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LOVE AND PASSION ON A DECLINE

Books are our best friends; this proverb has lost its meaning. This truth is very much evident when we closely observe the new generation so engrossed in the tech. world. Love and passion for books are definitely on a decline, bringing about an alarming situation. New Delhi World Book Fair (NDWBF) faced the consequences of this lost passion among readers. Reading the daily newspaper reviews on NDWBF, I was intrigued to have personal conversations from people and thus decided on spending a day there, surveying and interacting with various publishing house representatives. I discovered that the truth isn’t always the most exciting version of things, or the best or worst, but it’s somewhere in between.

The organisers and sponsors seemed to be missing the necessary enthusiasm and the burn was sadly felt by writers, publication houses and the handful of book lovers. Basic amenities and proper management seemed to have taken a back seat at the New Delhi World Book Fair. The fair as it has been held for the past 45 years, has now become a major calendar event in the publishing world. It is organized by National Book Trust, India, an autonomous organization under the Ministry of Human Resource Development, Government of India, working towards the promotion of books and the habit of reading in the country. However, NDWBF’18 seemed to be just another customary event, like a body without a soul. “I have been setting my stall for the past 11 years, but the basic facilities provided by NBT to the publication houses are not adequate. It might be due to the on-going construction but this is really disheartening,” said the Publications Manager of Katha Books.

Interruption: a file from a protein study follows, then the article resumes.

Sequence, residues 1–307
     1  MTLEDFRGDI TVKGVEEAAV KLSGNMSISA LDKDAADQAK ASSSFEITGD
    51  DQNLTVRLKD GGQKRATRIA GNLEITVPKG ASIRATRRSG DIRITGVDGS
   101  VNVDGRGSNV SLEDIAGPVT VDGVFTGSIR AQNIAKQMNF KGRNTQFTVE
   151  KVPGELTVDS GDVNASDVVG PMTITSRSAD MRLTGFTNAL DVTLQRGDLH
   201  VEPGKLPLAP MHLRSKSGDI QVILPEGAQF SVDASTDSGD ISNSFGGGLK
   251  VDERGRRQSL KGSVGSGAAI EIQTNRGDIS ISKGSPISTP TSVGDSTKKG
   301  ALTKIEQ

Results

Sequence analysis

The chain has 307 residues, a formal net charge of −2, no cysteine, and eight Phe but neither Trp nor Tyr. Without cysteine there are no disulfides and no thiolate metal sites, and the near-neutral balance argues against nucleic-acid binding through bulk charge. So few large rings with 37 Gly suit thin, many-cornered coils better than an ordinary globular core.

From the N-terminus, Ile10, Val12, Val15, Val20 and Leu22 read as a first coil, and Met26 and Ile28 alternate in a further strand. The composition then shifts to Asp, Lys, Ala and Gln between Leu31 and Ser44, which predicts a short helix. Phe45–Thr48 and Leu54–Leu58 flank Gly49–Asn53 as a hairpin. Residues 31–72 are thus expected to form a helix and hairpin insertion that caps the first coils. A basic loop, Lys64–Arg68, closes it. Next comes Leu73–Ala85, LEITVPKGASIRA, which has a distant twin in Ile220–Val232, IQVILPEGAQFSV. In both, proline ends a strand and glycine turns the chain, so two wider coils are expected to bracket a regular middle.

These days people are ready to stand in tandem for hours and hours to own a new model of a mobile phone but are not willing to spare few minutes glancing at books. Most of the visitors at the book fair entered with a fixed mind-set, visited their favourite publications, picked up a book or two and exited. They were in no mood to explore or interact, though book fairs like this are meant to widen one’s horizons within the literary world. A source from Better Books Services shared, “This time we are very unhappy from the response, it is not just about the poor facilities but also the uninterested response from the visitors. People are coming in to ask for a particular book and are going back without even checking the rest of the collection.”